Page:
Man Skipping on green background with black rope.

Skipping and neurodiversity

I love skipping…a lot. Skipping kept me going through lockdown and has continued to form a stimulating part of my life. I’ve noticed that it helps me and others that I’ve worked with manage their mood and energy levels effectively. My thoughts on skipping are purely based on my own experience and the people that I’ve worked with. I hear you ask why would a 50-year-old bloke enjoy jumping rope. Well, here are some of the reasons why skipping has formed part of my daily exercise habit:

  • It boosts my mood: it makes me feel bloody brilliant, as like many other forms of exercise it gets everything moving and as a result, I just feel better.
  • It challenges me: with skipping there are loads of different moves, you can do the double under, single under, hopping, bell, mic release, to mention just a few and all of these are doable, you just need to break them down and practice.
  • It gets my heart working: sometimes everyone’s heart needs a bit of an extra pump. I found it particularly helpful that skipping is aerobic, and I’ve noticed skipping improves how well I can breathe. There is a lot of evidence that shows skipping improves circulation and option delivery around the body…what’s not to like!
  • It burns calories: in a relatively short amount of time, I can burn a lot of calories, which for someone who spent a lot of time sitting at a desk job is brilliant.
  • It promotes brain function: skipping requires me to focus and to use my mental coordination to get my hands and feet in the right place.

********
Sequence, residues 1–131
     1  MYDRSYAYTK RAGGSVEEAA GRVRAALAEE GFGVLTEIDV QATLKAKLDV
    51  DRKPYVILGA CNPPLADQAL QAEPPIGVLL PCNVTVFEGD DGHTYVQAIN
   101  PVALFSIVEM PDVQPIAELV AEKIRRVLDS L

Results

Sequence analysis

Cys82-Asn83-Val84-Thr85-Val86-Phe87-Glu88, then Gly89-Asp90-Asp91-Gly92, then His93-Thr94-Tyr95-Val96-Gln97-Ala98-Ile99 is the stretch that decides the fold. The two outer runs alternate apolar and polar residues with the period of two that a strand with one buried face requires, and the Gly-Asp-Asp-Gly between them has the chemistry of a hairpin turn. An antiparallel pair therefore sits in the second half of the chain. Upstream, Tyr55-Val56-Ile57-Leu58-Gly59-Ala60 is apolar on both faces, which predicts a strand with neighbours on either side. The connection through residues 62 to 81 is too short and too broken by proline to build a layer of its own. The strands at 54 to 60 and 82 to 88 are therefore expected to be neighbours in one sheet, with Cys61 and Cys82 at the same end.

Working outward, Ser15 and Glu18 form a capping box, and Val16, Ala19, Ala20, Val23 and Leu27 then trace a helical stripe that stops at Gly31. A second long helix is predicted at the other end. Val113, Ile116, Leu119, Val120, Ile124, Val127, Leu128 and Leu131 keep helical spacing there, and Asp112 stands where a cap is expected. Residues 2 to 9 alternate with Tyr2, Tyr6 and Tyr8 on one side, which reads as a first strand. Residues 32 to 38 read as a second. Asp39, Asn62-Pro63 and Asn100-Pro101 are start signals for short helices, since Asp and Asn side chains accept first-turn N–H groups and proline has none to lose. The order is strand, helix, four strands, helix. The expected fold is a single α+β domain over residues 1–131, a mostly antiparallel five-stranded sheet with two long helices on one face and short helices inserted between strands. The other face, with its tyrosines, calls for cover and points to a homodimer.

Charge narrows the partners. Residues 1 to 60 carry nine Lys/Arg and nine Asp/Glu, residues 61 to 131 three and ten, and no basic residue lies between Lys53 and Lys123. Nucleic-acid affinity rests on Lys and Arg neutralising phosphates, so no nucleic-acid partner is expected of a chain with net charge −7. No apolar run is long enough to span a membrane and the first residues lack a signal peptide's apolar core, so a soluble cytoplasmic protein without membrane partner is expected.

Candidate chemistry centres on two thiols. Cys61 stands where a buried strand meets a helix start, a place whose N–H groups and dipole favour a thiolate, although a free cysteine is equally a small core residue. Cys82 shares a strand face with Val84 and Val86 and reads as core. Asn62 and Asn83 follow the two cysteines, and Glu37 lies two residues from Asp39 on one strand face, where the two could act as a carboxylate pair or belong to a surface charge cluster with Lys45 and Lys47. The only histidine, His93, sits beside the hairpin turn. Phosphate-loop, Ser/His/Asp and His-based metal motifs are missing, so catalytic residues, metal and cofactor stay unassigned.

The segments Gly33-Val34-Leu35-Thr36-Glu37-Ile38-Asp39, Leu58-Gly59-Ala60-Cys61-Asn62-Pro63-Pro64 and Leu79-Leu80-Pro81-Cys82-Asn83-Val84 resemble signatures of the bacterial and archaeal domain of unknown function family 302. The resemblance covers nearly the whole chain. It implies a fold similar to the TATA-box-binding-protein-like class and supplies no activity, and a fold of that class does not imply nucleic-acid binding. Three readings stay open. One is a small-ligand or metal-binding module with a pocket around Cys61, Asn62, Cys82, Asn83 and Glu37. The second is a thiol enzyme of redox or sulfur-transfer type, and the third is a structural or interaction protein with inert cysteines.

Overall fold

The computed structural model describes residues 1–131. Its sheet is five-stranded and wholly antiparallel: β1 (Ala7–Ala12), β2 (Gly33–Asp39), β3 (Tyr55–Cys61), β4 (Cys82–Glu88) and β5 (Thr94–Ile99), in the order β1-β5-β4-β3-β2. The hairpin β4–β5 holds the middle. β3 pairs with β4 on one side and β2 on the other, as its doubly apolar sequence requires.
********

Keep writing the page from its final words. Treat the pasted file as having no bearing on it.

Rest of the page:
• It improves balance: I have noticed an improvement in my balance, which has aided me in gaining a better sense of limb placement within my surroundings. It’s fascinating to see how skipping has greatly benefited my daughter, who has been diagnosed with dyspraxia, by improving her coordination and building her strength, which she can now apply to other activities such as cycling.
  • It’s portable (it can be done anywhere): I love the fact that I can skip wherever I like within reason. I say within reason as I’ve not skipped on a train yet, but there may come a time when I do. I have skipped at a conference, in a hotel room, in a car park, in a normal park, on the road and outside a client’s office.

There are loads of resources on the internet, but I would recommend Coach Chris from The Jump Rope Company who’s put together 20 brilliant skipping variation exercises to try out over your first 20 days of skipping. Click here to watch the videos.

If you want to explore this as one of your strategies for managing your neurodivergent traits, such as to help calm a busy mind with repetitive moves, or reduce your restlessness and burn off extra energy, I can’t recommend it enough. As with everything you have to try it out to see if it works for you. All you need is your trainers and a skipping rope, anyone can do it, it doesn’t matter if you’re 55 or 105.

If you’ve taken the leap of faith and decided to embark on an adventure with your skipping rope, I’d be absolutely thrilled to hear all about it! Don’t hesitate to reach out and share your skipping adventures here.